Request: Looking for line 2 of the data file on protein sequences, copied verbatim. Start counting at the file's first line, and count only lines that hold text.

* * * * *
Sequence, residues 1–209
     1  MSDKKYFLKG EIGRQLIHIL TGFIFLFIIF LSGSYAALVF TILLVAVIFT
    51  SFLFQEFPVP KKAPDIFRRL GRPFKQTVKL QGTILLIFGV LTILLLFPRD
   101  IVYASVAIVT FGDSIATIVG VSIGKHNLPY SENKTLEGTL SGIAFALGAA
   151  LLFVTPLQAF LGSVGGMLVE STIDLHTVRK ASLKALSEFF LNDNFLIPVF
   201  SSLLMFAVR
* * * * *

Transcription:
     1  MSDKKYFLKG EIGRQLIHIL TGFIFLFIIF LSGSYAALVF TILLVAVIFT